I want to raise two or three other issues in the time available. First, McKenzie friends were rightly raised; they are an important issue. We will consider the report and the updated guidance from the judiciary once we have got it. The right thing to do is to wait until we have got the expert advice from the judiciary before we come to a conclusion.

Other questions were asked about domestic violence and why the rules are not subject to greater discretion. That is a perfectly legitimate issue to raise, but we need objective evidence to apply the rules in a way that maintains the basic integrity of the system. We can have a debate about some of the detail of it, but that is an important point to note. I want to emphasise that the two-year time limit relates to the evidence of the abuse, not the abuse itself. I think there has been some misunderstanding about that important distinction.

I hoped that the Labour party would take a slightly more consensual approach, because in 2011 the then shadow Justice Secretary, the right hon. Member for Tooting (Sadiq Khan), told MPs that the legal aid budget is unsustainable. He said:

“We’ve got to be honest with the British public. When Labour left office, the legal aid budget was £2.1bn out of an overall MoJ budget of £8.5bn. That’s a lot of money. If you want to make savings you can’t cut courts, you can’t close prisons, you can’t cut probation, so the point that I make and I still make is: there are savings to be made.”

He was absolutely right, and if the shadow Minister disagrees he needs to explain where the extra money is going to come from. Punting it into review and saying they are going to pay for this thing by getting the Bank of England to print extra money—an idea that has been panned by the Governor as not only economically irresponsible but likely to hurt the most vulnerable in society, including the elderly and the poorest—will not do in a serious debate. We need credible contributions like the one today.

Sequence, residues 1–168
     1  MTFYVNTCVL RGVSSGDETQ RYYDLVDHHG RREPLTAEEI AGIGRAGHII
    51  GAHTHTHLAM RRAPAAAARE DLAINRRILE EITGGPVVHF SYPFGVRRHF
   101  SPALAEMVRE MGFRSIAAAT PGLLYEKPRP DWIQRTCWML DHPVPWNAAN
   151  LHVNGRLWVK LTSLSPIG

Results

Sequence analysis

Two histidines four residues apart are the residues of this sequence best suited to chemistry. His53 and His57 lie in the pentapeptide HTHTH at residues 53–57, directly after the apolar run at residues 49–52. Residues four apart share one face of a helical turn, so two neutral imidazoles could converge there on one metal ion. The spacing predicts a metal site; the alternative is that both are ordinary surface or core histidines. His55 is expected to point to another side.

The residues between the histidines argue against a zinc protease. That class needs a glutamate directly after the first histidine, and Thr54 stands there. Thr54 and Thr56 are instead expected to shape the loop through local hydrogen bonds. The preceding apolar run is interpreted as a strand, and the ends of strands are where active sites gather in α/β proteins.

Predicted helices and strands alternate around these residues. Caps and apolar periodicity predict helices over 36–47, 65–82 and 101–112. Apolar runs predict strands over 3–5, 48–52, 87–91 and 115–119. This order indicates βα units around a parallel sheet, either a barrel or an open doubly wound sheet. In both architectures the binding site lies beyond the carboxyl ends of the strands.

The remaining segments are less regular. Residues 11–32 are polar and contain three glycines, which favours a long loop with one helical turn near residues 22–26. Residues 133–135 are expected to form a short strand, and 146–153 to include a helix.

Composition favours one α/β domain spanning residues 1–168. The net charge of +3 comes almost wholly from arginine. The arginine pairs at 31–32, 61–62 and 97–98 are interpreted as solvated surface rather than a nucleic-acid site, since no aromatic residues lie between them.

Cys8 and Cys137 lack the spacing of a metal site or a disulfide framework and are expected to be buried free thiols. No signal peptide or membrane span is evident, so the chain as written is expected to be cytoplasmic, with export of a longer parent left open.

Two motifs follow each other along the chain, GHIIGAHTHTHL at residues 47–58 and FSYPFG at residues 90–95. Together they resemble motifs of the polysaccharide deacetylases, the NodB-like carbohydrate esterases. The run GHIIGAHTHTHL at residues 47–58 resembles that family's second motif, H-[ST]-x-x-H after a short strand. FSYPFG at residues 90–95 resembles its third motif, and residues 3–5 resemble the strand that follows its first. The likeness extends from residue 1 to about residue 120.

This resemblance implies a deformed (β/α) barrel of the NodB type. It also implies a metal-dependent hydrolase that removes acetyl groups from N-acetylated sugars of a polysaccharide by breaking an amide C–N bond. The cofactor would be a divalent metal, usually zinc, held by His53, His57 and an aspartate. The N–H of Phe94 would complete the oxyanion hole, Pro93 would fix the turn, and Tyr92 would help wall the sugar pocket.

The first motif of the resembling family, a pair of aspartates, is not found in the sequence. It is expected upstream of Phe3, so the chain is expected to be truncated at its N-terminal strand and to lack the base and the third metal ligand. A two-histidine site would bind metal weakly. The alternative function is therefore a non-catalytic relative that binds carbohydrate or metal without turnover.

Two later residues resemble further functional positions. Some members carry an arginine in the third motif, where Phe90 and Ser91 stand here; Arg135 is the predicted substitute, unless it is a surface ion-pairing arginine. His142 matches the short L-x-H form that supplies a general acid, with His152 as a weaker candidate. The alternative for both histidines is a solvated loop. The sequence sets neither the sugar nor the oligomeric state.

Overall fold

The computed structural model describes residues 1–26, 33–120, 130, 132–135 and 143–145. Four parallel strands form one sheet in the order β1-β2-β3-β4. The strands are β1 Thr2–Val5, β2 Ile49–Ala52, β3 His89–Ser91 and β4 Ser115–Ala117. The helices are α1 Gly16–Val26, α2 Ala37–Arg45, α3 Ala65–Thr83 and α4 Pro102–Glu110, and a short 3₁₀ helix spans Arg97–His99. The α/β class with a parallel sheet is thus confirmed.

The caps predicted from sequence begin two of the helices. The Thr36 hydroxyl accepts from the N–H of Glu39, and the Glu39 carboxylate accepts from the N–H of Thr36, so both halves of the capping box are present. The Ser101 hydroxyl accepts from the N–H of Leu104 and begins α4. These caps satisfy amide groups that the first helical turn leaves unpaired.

Listen, the point is this. My right hon. Friend the Member for Tooting (Sadiq Khan) made those comments in 2011. The reality is that the Opposition criticised the changes in the Legal Aid, Sentencing and Punishment of Offenders Act 2012 throughout all stages of its passage through the Commons. Indeed, many changes were made in the Lords. The point is that the Select Committee is criticising the Act now. It is an objective criticism, and in truth the Chair criticised it more than I did.

The reality is that before the previous election the Labour party’s clear position was that cuts need to be made. Unlike the Chair of the Select Committee, who made a number of detailed points about the substance—

Exactly. It said very little on the substance; the hon. Gentleman is quite right. We have not had, amid the carping and criticism, any serious alternative approach on the “how”, rather than the “whether”.

Well, we will wait for that, just as we are waiting for proposals on a range of social policy areas. In fact, there seems to be very little policy that is not up for grabs and up for review.